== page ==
The Cold Cold Ground
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Author: Adrian McKinty
Publisher: Profile Books
Language: English
Pages: 256
Series: Sean Duffy (1)
ISBN: 9781616147167
Genre: Crime & mystery, Fiction & Literature
Format: Mobi

A Catholic cop tracks a killer operating amidst the sectarian violence of the conflict in Northern Ireland.Spring 1981. Northern Ireland. Belfast on the verge of outright civil war. The Thatcher government has flooded the area with soldiers, but nightly there are riots, bombings, and sectarian attacks.In the midst of the chaos, Sean Duffy, a young, witty, Catholic detective in the almost entirely Protestant Royal Ulster Constabulary, is trying to track down a serial killer who is targeting gay men. As a Catholic policeman, Duffy is suspected by both sides and there are layers of complications. For one thing, homosexuality is illegal in Northern Ireland in 1981. Then he discovers that one of the victims was involved in the IRA, but was last seen discussing business with someone from the Protestant UVF (Ulster Volunteer Force).Fast-paced, evocative, and brutal, The Cold Cold Ground is a brilliant depiction of Belfast at the height of the Troubles and a cop caught in the cross fire.From BooklistStarred Review Irish novelist McKinty returns to his roots with the first book of the Troubles Trilogy, set in his hometown during the time he grew up. At the height of conflict between the Catholic IRA and Protestant paramilitary factions in 1981, Sean Duffy, a Catholic police sergeant in the Protestant town of Carrickfergus, near Belfast, gets an unusual case. Two gay men have been murdered, their right hands severed (the classic modus for killing an informant) and switched between the two bodies. Duffy initially suspects a serial killer, but when no more gay men are targeted, he comes to believe that the second killing was done simply to cover up the first, in which the head of the IRA’s feared internal security force was the victim. Even after the case is reassigned, Duffy defies orders and keeps digging, coming up against corruption and collusion. Everything in this novel hits all the right notes, from its brilliant evocation of time and place to razor-sharp dialogue to detailed police procedures. McKinty, author of the Forsythe and Lighthouse Trilogies, has another expertly crafted crime trilogy going here, and readers will want to see what he does in the concluding two books. --Michele Leber Review"If Raymond Chandler had grown up in Northern Ireland, The Cold Cold Ground is what he would have written." --Times of London"Set against a backdrop of riots in the middle of the 1981 hunger strikes and the death of Bobby Sands, McKinty creates a marvelous sense of time and place; an evocation of darkness and horror, of corruption and collusion,... the immediacy of death and the cheapness of life... . There will be many readers waiting for the next adventure of the dashing and intrepid Sergeant Duffy." --Irish Independent"A literary thriller that is as concerned with exploring the poisonously claustrophobic demimonde of Northern Ireland during the Troubles, and the self-sabotaging contradictions of its place and time, as it is with providing the genre's conventional thrills and spills. The result is a masterpiece of Troubles crime fiction: had David Peace, Eoin McNamee, and Brian Moore sat down to brew up the great Troubles novel, they would have been very pleased indeed to have written The Cold Cold Ground. --Irish Times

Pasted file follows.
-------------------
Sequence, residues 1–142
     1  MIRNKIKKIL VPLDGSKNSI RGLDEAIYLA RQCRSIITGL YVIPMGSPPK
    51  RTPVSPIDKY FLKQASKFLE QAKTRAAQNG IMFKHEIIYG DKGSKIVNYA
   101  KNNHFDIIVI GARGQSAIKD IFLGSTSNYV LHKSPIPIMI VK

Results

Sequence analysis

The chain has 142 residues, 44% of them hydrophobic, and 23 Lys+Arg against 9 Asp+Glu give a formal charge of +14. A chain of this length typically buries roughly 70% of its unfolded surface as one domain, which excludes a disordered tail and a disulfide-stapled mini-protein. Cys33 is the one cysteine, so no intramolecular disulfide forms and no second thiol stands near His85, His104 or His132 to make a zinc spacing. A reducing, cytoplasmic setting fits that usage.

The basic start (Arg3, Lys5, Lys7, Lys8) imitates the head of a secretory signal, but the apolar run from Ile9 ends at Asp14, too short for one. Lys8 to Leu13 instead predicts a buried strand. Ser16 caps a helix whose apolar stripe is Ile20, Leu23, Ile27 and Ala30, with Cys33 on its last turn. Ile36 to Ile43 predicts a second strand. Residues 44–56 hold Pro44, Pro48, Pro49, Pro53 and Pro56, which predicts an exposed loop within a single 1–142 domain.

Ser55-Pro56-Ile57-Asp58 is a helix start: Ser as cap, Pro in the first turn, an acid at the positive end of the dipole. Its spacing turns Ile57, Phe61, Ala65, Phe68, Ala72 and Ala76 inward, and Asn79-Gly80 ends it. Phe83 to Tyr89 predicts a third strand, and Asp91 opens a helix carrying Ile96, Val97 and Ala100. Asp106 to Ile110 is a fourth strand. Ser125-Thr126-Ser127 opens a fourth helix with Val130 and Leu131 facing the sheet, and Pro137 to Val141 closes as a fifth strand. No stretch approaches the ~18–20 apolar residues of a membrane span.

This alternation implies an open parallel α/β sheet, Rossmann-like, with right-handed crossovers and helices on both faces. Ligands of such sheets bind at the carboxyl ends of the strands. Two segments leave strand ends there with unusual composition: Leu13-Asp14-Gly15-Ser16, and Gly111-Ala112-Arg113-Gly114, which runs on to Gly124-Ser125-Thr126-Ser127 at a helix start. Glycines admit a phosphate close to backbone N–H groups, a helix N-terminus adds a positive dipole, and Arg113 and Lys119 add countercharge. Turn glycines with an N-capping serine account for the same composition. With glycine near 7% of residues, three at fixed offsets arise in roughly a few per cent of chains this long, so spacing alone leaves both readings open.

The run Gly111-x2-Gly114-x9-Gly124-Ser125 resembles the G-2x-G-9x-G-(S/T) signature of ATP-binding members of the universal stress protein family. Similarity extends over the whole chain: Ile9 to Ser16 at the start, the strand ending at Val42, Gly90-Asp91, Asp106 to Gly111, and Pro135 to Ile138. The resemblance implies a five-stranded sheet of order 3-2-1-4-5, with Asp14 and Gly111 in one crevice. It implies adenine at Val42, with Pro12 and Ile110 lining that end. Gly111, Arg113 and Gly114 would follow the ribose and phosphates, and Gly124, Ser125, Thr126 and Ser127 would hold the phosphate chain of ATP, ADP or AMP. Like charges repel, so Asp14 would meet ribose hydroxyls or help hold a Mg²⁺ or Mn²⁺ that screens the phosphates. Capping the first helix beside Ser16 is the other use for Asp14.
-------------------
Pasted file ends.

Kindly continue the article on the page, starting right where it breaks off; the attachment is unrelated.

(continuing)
"McKinty kicks off a trilogy with this 1981 Belfast-set tale that provides a fascinating look at everyday life in Northern Ireland during 'the Troubles.' The protagonist is clever and funny, the interaction of the police and various factions is eye-opening and the mystery is intriguing, with an unexpected twist at the end." --RT Book Reviews, Four Stars
"VERDICT: For fans of Stewart Neville's crime novels, a new and harrowing Irish trilogy is underway. At turns violent and labyrinthine, McKinty's (Dead I Well May Be) fine police procedural is also the ultimate page-turner. I cannot wait for Book Two!" --Library Jouirnal, Starred Review